*** The Equal Employment Opportunity Commission is preparing a rule that a federal employee union claims would effectively strip union members of the right to use official time – paid work time that may be devoted to union activities under collective bargaining agreements -- when representing a fellow union member during discrimination proceedings.
The draft rule was shared by the Association of Federal Government Employees in an Nov. 19 press release. In the eight-page document, the EEOC argues that the Federal Service Labor-Management Relations Statute which established "the ability for someone acting on behalf of a labor organization to receive official time" was not created until 1978, rules concerning representation and official time is not covered by the Civil Service Commission, which was established six years earlier.
"The EEOC's sudden move to strip representatives of this long-held right simply because they serve in the union is disgraceful and, if allowed to take effect, will have a chilling effect on the ability of workers to successfully challenge workplace discrimination," AFGE National Vice President for Women and Fair Practices Jeremy Lannan said.
*** Mark Bristow, who leads the Department of Homeland Security's hunt and incident response team for its National Cybersecurity and Communications Integration Center, said that when it comes to agency security executives, it's a little crowded at the top.
"We have too many CISOs in the government. We have too many CISOs," even at DHS, Bristow said during a panel discussion at Defense One's Cyber Summit Nov. 19. "I think between me and the top line of DHS there's like six or seven CISOs. It's just a lot."
Bristow said it's understandable why the information security executives are in place, but having too many lines of authority — each with their own opinions and guidance — creates bureaucracy and "gets in the way of setting strategic vision." The result, he said, impedes cybersecurity mitigation efforts and fosters "organizational stagnation" because "everyone has to fight with like 50 other people to make one change in their environments and our adversaries...they know this is how this works."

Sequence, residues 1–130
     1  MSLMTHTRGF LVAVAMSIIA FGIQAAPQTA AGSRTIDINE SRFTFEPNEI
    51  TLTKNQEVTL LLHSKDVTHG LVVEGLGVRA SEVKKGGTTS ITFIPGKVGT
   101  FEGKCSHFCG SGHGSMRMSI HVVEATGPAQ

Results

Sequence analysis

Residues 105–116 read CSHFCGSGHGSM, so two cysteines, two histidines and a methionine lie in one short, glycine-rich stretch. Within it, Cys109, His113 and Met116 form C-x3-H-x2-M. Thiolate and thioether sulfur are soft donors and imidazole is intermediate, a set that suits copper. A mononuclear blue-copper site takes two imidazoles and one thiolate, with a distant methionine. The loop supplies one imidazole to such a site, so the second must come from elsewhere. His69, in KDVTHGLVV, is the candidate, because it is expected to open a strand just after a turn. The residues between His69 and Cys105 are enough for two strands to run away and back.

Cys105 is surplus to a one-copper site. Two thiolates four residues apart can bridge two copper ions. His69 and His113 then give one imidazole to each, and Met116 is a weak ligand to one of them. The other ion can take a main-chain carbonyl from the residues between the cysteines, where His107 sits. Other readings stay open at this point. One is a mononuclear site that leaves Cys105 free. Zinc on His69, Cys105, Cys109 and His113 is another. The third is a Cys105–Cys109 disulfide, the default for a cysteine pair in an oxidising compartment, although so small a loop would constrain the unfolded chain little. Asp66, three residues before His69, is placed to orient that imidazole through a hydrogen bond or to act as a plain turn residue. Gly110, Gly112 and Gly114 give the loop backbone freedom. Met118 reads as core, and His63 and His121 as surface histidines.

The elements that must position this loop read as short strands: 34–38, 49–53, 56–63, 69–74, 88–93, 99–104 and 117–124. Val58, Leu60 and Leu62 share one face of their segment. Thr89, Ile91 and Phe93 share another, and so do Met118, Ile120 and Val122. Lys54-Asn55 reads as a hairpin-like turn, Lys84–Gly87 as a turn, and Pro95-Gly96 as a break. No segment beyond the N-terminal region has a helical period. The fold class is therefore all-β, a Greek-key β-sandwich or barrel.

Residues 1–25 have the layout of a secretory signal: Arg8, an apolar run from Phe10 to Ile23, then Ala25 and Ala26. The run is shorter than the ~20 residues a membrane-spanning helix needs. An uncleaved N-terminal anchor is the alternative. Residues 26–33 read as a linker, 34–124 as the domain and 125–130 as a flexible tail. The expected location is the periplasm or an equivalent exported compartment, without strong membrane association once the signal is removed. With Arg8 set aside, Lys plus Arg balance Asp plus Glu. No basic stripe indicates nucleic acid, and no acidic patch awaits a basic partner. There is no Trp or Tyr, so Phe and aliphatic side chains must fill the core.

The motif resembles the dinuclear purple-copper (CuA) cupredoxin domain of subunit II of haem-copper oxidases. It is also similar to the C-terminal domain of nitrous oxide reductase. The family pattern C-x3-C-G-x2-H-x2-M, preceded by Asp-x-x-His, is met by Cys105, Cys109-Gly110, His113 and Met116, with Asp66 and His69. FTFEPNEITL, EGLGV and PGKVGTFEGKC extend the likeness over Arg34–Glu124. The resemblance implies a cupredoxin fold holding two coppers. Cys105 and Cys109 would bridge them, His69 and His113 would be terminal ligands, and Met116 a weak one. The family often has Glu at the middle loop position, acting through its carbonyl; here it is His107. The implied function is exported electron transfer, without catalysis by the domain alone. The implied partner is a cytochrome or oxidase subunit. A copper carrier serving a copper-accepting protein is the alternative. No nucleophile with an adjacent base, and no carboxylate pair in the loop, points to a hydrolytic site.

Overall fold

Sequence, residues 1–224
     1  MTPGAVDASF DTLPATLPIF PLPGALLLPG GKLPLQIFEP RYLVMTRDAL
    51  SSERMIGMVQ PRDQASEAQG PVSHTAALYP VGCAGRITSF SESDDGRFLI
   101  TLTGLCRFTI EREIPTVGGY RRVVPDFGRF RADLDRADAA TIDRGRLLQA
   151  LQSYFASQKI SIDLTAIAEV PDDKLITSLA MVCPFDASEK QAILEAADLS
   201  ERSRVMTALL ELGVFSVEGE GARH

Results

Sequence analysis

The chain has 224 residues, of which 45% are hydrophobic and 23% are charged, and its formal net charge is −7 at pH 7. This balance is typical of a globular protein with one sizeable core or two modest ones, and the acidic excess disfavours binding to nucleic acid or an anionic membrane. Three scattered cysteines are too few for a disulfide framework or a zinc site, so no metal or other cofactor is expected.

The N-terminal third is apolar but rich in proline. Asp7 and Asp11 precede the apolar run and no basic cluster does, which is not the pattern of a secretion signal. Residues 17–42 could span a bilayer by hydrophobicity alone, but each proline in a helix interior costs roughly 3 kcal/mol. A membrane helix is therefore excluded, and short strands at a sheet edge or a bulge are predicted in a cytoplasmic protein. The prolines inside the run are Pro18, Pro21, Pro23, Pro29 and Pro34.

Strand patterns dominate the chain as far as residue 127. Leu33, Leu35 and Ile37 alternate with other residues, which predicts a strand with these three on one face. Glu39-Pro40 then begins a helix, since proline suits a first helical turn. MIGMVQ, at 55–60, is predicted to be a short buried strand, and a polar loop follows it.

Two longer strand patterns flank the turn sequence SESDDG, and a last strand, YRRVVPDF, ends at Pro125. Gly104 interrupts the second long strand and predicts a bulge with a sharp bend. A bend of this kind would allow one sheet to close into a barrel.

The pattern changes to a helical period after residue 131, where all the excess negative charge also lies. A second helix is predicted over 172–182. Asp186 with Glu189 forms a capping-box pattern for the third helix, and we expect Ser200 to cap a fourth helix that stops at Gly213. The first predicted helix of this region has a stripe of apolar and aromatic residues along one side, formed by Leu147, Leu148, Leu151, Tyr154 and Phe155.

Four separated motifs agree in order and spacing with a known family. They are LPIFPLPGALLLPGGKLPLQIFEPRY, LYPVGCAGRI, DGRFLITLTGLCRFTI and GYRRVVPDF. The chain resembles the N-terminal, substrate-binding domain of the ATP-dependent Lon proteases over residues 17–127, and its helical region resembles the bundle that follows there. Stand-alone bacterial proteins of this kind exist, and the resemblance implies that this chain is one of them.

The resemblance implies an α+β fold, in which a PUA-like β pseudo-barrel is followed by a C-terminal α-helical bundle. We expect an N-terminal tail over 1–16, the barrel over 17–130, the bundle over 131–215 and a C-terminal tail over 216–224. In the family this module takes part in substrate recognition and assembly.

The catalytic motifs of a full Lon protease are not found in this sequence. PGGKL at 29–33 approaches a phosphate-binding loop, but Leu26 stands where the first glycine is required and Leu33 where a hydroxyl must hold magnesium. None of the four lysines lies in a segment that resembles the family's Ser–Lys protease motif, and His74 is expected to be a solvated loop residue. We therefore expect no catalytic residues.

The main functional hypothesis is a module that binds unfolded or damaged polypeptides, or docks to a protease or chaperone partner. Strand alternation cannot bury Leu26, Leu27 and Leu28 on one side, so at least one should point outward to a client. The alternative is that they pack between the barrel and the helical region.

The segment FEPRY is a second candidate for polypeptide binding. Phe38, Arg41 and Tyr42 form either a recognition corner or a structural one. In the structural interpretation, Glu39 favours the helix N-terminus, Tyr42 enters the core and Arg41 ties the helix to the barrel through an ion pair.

*** The National Security Agency warned organizations in a Nov. 19 advisory that malicious actors are increasingly encrypting their activities at the transport layer to avoid detection. The advisory recommends that organizations adopt Transport Layer Security Inspection protocols that decrypt and inspect incoming web traffic for signs of malware or other signs of an attack. However, the agency also warned that this protocol, which typically involves assigning the task of breaking and inspecting traffic to a specific proxy device, could in turn be targeted by hackers for exploitation and is also subject to insider threat risks.
Posted on Nov 20, 2019 at 2:36 AM